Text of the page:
There is a Disney song that always makes me think of my daughter, and I find myself singing it quietly when I’m having an “I miss Maggie” moment.
When she was in elementary school (sixth grade, I think) she and a classmate were chosen to sing a duet of “Candle On the Water” from “Pete’s Dragon.” I happened to be at West Elementary in Slayton for an unrelated reason, and the music teacher, Steve Harms, was practicing with the students for an upcoming show. He asked me if I wanted to hear the duet, so I stopped in to listen.
Maggie said later my jaw just dropped. I don’t remember that, but I do remember getting slightly misty-eyed listening to the two little girls belt out the beautiful song. They both had lovely voices, and it was so pretty.
During the performance they dressed in counterpoint with one another – Maggie in a black poodle skirt and white top, the other girl in a white poodle skirt and black top. They did a wonderful job.
As the years have gone by, the words have become poignant since Maggie left home to be a grown-up.
“I’ll be your candle on the water, my love for you will always burn…don’t give up, you have somewhere to turn…I’ll never let you go.”
On the other end of the candle spectrum, my son Matt, a junior at MCC in Slayton, is preparing for the upcoming performances of “Beauty and the Beast,” in which he plays Lemuire, the candlestick.
Lemuire looks more like a candelabra to me, since he has his arms up and has flames on both his head and his hands. Therein lies the problem. After the first few days of practice, Matt came home tired and complaining his arms were sore.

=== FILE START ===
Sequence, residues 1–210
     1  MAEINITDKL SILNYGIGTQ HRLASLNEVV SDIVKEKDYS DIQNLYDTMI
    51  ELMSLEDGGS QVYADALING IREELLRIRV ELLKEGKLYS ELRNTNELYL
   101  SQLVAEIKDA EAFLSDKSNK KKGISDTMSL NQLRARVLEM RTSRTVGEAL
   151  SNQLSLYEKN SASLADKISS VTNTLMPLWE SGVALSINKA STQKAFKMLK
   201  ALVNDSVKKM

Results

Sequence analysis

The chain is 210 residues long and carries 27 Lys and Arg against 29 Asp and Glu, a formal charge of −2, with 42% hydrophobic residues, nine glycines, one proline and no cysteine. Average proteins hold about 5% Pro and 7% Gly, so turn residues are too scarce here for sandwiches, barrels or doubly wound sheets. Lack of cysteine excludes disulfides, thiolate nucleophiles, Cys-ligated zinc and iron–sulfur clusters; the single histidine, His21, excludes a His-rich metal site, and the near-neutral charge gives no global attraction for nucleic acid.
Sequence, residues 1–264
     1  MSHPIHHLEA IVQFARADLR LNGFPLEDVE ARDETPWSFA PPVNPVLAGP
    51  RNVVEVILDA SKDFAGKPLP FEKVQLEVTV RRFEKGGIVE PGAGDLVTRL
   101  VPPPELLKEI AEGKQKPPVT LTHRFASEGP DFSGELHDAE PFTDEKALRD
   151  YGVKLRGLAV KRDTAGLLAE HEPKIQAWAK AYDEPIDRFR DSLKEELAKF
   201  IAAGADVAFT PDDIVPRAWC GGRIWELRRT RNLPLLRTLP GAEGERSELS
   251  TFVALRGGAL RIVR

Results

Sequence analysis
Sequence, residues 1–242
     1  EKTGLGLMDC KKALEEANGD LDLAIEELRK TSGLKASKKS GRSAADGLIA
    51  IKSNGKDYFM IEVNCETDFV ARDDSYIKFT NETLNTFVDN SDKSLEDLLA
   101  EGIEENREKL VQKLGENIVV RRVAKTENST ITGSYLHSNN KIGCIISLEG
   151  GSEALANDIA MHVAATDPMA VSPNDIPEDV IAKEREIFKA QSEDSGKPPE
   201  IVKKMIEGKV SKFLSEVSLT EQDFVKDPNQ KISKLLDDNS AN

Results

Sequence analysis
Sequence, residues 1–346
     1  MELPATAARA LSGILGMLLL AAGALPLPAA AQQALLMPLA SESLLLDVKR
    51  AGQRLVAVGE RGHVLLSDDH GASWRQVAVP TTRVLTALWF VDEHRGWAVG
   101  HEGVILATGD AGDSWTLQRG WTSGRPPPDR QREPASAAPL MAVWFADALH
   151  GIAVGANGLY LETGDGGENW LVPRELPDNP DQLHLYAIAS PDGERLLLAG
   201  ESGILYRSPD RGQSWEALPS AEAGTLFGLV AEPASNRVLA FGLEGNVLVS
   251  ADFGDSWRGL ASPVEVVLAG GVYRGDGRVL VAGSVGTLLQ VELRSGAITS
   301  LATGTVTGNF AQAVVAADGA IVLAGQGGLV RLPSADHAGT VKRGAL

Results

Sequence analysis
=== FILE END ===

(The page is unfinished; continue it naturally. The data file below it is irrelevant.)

Not really thinking about it, I asked if he had overdone while practicing hims drums or guitar.
“Nope,” he replied, and immediately went into his candelabra stance. “This is more tiring than it looks.”
A week or so ago, I was thinking about the holidays and how many people I was feeding – that kind of thing. I had just found out Maggie has to work on both Thanksgiving and Christmas day and won’t be home (she lives in Rochester).
I was feeling a little blue. Matt cured that in a hurry in his own way.
“I’ll be your candle on the water,” I sang quietly while preparing supper.
Passing through the kitchen (he does that regularly, just to see if food appears magically) Matt heard the song while snatching a bit of whatever I was whipping up and mumbled as he wandered into another room.
“You know, it’s harder than it looks,” he remarked, rubbing a bicep.
It took me a minute, then it sank in and all I could do was laugh. He was referring to being a candle.